Yes, I Let My Jewish Son Believe in Santa. Here’s Why.

Read next

My husband is Jewish. My son is Jewish. I’m Jewish, too—but I didn’t start out that way. I came to Judaism in my teens, whereas my son was born Jewish, just like his dad. He goes to a Hebrew preschool, just like his dad did, too, many (many) years ago.

And yet, all three of us have grown up with a belief in Santa Claus and I’m not about to take that away from my son anytime soon just because we don’t put up a Christmas tree every year.

I have a complicated relationship with Christmas, for obvious reasons. Growing up, we weren’t terribly religious and for me, the Christmas holiday was solidly about presents from Santa, decorating our Christmas tree, presents from family, candy canes, more presents, sneaking chocolates out of my dad’s stocking and did I mention presents? Santa was very much a prominent—if unseen beyond the confines of my local mall—figure in my household every December of my childhood.

It almost didn’t end up that way. When I was 4, I got into an argument over dolls with my older cousin. Completely peeved she wasn’t getting her way, she suddenly blurted out, “Santa’s not real! And neither is the Tooth Fairy or the Easter Bunny!” before storming out of the room, throwing the dolls on the floor.

I ran to my mom, sobbing, telling her what happened. She assured me that yes, Santa, the Tooth Fairy and the Easter Bunny were indeed real—but I couldn’t help but harbor a lingering doubt. That was the first Christmas the letters to Santa started.

In addition to leaving out milk and cookies for Santa, I wanted to leave a note, too. I have no idea what that first note said, but my faith in the magic of Santa was restored when, on Christmas morning, I saw that the milk and cookies had been drunk and eaten—and Santa had left me a little thank you note in return!

(I ended up doing the same thing for the Tooth Fairy, eventually writing ridiculously long and complicated letters where my sister, eight years my senior, was tasked with maintaining the unique mythology of the Suwa Family Tooth Fairy canon as I lost all my baby teeth. I never wrote letters to the Easter Bunny, because bunny paws can’t hold a pen to write letters back, obvs.)

My husband told me how, even when he was a little kid, he was raised to believe in Santa, too.

Even though he grew up in a predominantly Jewish community in New Jersey, Santa reigns supreme during the winter holiday season. Old Saint Nick’s jolly face and litany of Christmas carols can’t be avoided every time you walk into a store during December, not to mention the fact that Santa was all the talk of the non-Jewish kids at his school growing up. But how on Earth do you get a Jewish kid to buy into the Santa mythology? My in-laws came up with a pretty genius solution.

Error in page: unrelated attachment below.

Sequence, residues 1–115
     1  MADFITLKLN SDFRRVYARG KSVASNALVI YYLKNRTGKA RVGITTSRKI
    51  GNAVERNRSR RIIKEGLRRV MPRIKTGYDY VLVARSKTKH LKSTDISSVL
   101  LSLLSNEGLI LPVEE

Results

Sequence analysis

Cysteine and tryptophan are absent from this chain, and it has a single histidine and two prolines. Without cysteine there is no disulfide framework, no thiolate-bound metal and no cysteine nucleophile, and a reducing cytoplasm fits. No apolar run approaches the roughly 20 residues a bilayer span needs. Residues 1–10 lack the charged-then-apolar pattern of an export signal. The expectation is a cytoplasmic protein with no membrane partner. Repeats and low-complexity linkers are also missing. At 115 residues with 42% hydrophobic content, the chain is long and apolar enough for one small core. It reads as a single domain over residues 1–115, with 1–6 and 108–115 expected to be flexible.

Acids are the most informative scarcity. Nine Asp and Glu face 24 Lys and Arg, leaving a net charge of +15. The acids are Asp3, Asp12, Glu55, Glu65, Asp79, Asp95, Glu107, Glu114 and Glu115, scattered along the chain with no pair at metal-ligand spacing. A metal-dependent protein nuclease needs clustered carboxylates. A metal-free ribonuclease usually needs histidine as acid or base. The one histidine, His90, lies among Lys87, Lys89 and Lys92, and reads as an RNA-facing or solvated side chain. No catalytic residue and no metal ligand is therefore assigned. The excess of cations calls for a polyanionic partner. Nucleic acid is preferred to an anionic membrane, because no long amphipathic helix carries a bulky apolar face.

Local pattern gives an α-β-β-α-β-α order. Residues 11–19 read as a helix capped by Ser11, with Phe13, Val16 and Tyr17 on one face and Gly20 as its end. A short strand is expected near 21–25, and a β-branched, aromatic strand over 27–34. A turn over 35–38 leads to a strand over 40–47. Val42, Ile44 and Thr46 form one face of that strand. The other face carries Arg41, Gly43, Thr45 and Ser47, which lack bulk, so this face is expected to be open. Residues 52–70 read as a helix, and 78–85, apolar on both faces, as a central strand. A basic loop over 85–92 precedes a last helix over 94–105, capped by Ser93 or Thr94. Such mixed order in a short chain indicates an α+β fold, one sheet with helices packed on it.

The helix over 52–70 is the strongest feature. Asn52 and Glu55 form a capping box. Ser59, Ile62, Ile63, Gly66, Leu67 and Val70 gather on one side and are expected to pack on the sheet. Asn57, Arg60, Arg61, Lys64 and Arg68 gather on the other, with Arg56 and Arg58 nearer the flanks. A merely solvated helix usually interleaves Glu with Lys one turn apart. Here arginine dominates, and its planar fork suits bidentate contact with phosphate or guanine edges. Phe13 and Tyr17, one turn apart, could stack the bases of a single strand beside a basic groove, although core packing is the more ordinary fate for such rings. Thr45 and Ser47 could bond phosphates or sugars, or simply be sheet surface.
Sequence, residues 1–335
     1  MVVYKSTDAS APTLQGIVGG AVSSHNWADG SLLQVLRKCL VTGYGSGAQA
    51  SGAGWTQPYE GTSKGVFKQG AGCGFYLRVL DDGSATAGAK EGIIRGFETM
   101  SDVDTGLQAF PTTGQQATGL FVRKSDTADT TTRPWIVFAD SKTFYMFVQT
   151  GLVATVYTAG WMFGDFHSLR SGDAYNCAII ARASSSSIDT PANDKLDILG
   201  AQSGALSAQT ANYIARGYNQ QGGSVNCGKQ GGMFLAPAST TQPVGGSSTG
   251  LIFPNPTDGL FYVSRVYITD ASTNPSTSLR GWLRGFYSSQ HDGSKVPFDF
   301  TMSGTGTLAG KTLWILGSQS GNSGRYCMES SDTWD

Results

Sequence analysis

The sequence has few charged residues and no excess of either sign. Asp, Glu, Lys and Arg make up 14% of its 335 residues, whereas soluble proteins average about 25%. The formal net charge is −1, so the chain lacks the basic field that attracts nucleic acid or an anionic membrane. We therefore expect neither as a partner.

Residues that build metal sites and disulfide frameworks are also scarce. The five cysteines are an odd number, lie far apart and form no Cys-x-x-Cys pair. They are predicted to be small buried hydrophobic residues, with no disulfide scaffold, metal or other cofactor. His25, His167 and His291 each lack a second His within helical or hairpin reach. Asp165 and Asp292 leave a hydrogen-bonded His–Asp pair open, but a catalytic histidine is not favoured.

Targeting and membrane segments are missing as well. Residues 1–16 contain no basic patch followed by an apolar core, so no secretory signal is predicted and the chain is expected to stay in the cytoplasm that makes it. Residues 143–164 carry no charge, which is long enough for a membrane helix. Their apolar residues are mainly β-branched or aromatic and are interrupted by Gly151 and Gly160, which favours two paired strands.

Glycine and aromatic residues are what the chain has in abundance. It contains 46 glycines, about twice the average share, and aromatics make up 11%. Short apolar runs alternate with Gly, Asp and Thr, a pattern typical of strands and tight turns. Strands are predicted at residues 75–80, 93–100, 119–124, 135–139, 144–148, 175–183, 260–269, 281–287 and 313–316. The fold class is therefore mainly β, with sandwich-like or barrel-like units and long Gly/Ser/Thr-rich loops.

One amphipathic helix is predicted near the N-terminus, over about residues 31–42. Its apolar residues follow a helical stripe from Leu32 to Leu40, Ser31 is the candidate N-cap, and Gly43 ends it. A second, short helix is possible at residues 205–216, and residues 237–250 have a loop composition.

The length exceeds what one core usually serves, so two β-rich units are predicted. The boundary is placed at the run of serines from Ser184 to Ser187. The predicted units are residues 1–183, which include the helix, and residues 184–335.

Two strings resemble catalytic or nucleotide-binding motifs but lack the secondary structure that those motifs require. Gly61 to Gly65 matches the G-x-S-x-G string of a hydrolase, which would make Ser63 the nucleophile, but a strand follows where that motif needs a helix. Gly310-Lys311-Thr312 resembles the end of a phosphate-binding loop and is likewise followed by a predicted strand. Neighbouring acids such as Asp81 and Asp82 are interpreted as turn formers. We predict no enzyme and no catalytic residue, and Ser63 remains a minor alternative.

You see, Santa stops at Jewish kids’ homes as rest stops on his long overnight journey of delivering presents to the children who celebrate Christmas—which of course means that Jewish kids should leave out carrots and water for Santa’s reindeer.

To help my husband buy in to the magic, my in-laws would make sure the carrots were partially eaten, the water gone, and the recliner in their den stretched out with a blanket left tossed aside as though Santa put his feet up for a few before heading back out into the Christmas present delivery grind. Because when you don’t grow up celebrating Christmas, December 25th is just another regular day on the calendar.

When our son was born, it was important to us to keep that Christmas tradition alive for him, even though our winter holiday happens to be Hanukkah. Last year, we left out carrots, cookies (because hey—extra excuse to eat some cookies) and a cup of water on our kitchen counter. On Christmas morning, my son walked down the stairs and into the kitchen to find carrot and cookie crumbs, along with an empty cup. I also took the extra step of making a tiny scroll addressed to our son—his very own thank you note from Santa, just like I had growing up.

It really doesn’t matter what holiday we celebrate in December. (And if I’m being honest, Hanukkah is technically a really minor holiday in the Jewish calendar.) But there’s something magical about this time of year especially for young children, no matter how manufactured it might be by adults. Allowing your child to not only develop but hold onto their sense of wonder is a precious task for parents, a responsibility I and my husband take on with great care.

So while we don’t have an Elf on our shelf—or a Mensch on our bench— we’re going to let our son believe in Santa just as long as he pleases, if only because pure unadulterated (in the most literal since of the word) joy, wonder and belief in the magic and might of childhood is a gift that lasts well beyond the holiday season.

Where are my fellow Members of the Tribe? Do you talk about Christmas or Santa with your Jewish kids, or do you just skip the subject entirely? Share your stories in the comments!

—Keiko Zoll
Editor, Spoke Contributor Network